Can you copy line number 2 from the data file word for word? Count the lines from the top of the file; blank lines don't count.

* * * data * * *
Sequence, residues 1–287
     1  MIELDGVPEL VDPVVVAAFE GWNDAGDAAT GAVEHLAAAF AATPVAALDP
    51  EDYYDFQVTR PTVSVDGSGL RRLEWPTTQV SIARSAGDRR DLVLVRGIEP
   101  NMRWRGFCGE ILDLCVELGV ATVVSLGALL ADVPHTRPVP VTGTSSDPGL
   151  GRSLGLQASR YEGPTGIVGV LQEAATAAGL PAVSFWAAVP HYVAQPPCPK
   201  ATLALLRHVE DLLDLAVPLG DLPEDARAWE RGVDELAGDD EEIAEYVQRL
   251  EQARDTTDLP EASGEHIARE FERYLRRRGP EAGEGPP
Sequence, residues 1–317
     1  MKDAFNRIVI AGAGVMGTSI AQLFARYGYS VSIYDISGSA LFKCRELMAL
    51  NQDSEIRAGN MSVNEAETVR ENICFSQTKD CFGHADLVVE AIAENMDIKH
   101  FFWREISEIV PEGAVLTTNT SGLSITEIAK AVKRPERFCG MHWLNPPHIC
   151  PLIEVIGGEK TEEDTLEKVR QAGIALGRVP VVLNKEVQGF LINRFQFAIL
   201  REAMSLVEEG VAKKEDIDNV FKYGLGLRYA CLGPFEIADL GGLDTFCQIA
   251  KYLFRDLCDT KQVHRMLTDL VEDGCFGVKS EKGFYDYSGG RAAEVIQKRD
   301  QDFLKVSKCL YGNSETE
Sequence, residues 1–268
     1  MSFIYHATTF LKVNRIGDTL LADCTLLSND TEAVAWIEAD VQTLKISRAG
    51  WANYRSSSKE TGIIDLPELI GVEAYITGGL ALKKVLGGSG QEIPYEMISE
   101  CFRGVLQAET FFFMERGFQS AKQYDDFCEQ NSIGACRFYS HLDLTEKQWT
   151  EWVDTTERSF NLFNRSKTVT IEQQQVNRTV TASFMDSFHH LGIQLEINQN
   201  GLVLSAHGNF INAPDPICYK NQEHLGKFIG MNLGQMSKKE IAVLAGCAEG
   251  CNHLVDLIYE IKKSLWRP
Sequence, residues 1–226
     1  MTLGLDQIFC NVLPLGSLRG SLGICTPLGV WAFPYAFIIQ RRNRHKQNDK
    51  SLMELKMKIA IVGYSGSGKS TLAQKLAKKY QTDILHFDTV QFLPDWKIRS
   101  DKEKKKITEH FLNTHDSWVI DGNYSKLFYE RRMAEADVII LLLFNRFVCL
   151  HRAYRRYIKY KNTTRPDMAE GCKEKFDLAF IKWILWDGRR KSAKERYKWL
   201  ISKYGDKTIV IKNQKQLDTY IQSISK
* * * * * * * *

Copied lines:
     1  MIELDGVPEL VDPVVVAAFE GWNDAGDAAT GAVEHLAAAF AATPVAALDP